I hereby declare that the research work embodied in this dissertation entitled “A study on Impact of Advertising Strategies of Nokia Cellular Phones” has been carried out by me under the guidance and supervision of Mr.SRINIVASAN, Professor (Internal Guide), M.P.Birla Institute of Management, Bangalore. I also declare that this dissertation has not been submitted to any other university/ Institution for the award of any other Degree/Diploma. Place: Bangalore Date: 17th June 2005 (VIJAYA KUMAR N C) Reg No: 03XQCM6118

I hereby certify that this dissertation is an offshoot of the research work undertaken and completed by Mr.Vijaya Kumar N C under the guidance and supervision of Mr. B.Srinivasan, Professor, (Internal Guide) MPBIM, Associate Bharatiya Vidya Bhavan, Bangalore. Place: Bangalore Date: (Dr. N.S. Malavalli) Principal MPBIM, Bangalore


ACKNOWLEDGEMENT I sincerely thank Dr. Nagesh Malavalli (Principal), M.P.Birla Institute of Management, Bangalore for granting me the permission to do this Research Project. I would like to express my immense gratitude to Mr.B.Srinivasan, Professor, (Internal Guide), M.P.Birla Institute of Management, Associate Bharatiya Vidya Bhavan, Bangalore for his guidance, continuous encouragement and valuable suggestions at every stage of the project. I would like to express my indebtedness to Prof. Santhanam (Professor), M.P.Birla Institute of Management, Associate Bharatiya Vidya Bhavan, Bangalore for his valuable suggestions and encouragement which are imperative for the completion of this project. I extend my deep sense of gratitude to all my family and friends who have directly or indirectly encouraged and helped me to complete my project successfully. I would like to extend my thanks to all the unseen hands that have made this project possible. Place: Bangalore Date: 17th June 2005 (Vijaya Kumar N C)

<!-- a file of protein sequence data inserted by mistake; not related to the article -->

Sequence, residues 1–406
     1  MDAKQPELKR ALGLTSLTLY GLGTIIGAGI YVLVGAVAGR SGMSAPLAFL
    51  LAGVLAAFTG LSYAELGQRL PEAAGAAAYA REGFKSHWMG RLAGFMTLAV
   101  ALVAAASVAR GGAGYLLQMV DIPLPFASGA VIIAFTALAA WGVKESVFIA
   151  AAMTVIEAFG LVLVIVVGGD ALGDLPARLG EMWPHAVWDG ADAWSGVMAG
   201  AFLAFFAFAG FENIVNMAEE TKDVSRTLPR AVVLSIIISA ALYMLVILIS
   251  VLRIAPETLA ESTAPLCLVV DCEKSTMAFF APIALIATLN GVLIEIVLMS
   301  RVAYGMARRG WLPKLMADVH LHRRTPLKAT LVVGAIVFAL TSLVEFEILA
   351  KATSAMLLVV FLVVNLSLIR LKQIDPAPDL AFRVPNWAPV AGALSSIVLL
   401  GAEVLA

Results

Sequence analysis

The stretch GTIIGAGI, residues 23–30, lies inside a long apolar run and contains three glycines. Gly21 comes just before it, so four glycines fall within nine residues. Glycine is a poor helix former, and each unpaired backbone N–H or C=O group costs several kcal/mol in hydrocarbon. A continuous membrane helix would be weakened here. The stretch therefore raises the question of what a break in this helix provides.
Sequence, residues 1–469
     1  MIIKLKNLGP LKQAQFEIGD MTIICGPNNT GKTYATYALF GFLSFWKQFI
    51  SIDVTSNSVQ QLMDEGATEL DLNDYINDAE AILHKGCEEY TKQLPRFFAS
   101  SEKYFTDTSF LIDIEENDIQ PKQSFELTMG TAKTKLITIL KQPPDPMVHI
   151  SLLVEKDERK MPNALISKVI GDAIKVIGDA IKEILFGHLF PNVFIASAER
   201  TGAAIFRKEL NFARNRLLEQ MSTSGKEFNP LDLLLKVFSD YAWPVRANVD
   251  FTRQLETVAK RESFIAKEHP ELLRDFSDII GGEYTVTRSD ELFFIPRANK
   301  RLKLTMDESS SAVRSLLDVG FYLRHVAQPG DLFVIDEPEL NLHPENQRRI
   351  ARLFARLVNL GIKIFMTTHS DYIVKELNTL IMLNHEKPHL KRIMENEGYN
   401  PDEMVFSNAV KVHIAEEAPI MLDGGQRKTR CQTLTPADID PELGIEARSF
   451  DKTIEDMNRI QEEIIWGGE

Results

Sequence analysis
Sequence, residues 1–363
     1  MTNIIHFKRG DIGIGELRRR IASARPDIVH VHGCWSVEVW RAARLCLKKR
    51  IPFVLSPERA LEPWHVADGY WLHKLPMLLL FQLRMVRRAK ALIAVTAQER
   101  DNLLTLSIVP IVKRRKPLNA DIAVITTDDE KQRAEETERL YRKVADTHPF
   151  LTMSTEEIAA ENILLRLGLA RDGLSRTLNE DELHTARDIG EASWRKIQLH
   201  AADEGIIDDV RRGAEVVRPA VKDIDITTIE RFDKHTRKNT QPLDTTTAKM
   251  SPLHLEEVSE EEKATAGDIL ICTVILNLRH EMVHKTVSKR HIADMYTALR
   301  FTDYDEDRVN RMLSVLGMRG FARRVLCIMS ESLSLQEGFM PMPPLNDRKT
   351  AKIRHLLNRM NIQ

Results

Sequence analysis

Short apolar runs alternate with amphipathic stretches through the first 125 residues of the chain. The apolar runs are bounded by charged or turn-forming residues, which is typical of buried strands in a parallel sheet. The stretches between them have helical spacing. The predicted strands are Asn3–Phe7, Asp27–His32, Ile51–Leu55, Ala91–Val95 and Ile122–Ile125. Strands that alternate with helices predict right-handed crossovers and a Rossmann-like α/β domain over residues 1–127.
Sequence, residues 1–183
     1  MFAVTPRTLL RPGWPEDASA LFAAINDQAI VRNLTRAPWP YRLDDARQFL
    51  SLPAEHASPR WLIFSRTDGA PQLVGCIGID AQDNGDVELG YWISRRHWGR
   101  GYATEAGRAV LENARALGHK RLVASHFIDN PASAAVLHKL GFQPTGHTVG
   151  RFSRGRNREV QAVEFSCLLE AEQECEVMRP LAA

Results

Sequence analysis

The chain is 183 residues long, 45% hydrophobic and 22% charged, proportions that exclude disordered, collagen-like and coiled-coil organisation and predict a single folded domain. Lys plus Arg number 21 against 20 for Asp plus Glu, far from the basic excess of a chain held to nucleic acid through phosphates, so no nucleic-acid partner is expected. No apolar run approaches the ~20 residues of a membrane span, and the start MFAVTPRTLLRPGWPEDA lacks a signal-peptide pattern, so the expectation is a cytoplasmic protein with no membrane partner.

This report titled “IMPACT OF ADVERTISING STRATEGIES OF NOKIA CELLULAR PHONES” is submitted in partial fulfillment of the requirements for the degree of Master of Business Administration of Bangalore University. This study is an attempt to understand the impact of advertising of Nokia Cellular Phones. It also tries to evaluate the advertising effectiveness in establishing brand patronage among the viewers. The objective of this study is To analyze the advertising effectiveness on consumers of Nokia Cellular Phones, to analyze the different medium through which the advertisement reaches maximum number of people in the market, to analyze the strategies that the company should adopt such that the viewers turn into consumers, to know the present status of the competitors of Nokia Cellular Phones in terms of advertisement. The survey was conducted among the college students because the market for cellular phones is huge. Questionnaire were prepared and distributed to get the suggestions about the effectiveness of advertisement of Nokia Cellular Phones. By the survey, we came to know about the various media that has to be used greater number of people in the market and the strategies that has to be used for making the advertisement more effective when compared to its competitors. From the conclusion of this study we can come to the know what strategies can be adopted such that the advertisement of Nokia Cellular phones can be made more efficient when compared to their competitors. The medium of advertisement that has to hire through which we can reach maximum number of people. The style, word and tone that has to be used in the advertisement that attracts more number of people. The type of feeling that is created by the advertisement and the strategies to adopt that attract the people toward those feelings.